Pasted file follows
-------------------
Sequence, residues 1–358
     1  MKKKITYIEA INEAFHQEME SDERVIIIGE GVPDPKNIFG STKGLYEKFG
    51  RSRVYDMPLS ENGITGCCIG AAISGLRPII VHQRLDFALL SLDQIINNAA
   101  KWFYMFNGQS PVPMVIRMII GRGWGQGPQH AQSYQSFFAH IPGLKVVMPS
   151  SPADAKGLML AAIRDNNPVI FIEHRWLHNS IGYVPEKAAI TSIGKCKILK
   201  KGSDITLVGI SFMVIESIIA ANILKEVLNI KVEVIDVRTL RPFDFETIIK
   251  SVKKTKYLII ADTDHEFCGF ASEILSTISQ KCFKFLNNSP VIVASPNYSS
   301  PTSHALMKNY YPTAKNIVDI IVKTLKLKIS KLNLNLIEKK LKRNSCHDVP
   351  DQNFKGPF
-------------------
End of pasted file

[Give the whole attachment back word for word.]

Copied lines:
Sequence, residues 1–358
     1  MKKKITYIEA INEAFHQEME SDERVIIIGE GVPDPKNIFG STKGLYEKFG
    51  RSRVYDMPLS ENGITGCCIG AAISGLRPII VHQRLDFALL SLDQIINNAA
   101  KWFYMFNGQS PVPMVIRMII GRGWGQGPQH AQSYQSFFAH IPGLKVVMPS
   151  SPADAKGLML AAIRDNNPVI FIEHRWLHNS IGYVPEKAAI TSIGKCKILK
   201  KGSDITLVGI SFMVIESIIA ANILKEVLNI KVEVIDVRTL RPFDFETIIK
   251  SVKKTKYLII ADTDHEFCGF ASEILSTISQ KCFKFLNNSP VIVASPNYSS
   301  PTSHALMKNY YPTAKNIVDI IVKTLKLKIS KLNLNLIEKK LKRNSCHDVP
   351  DQNFKGPF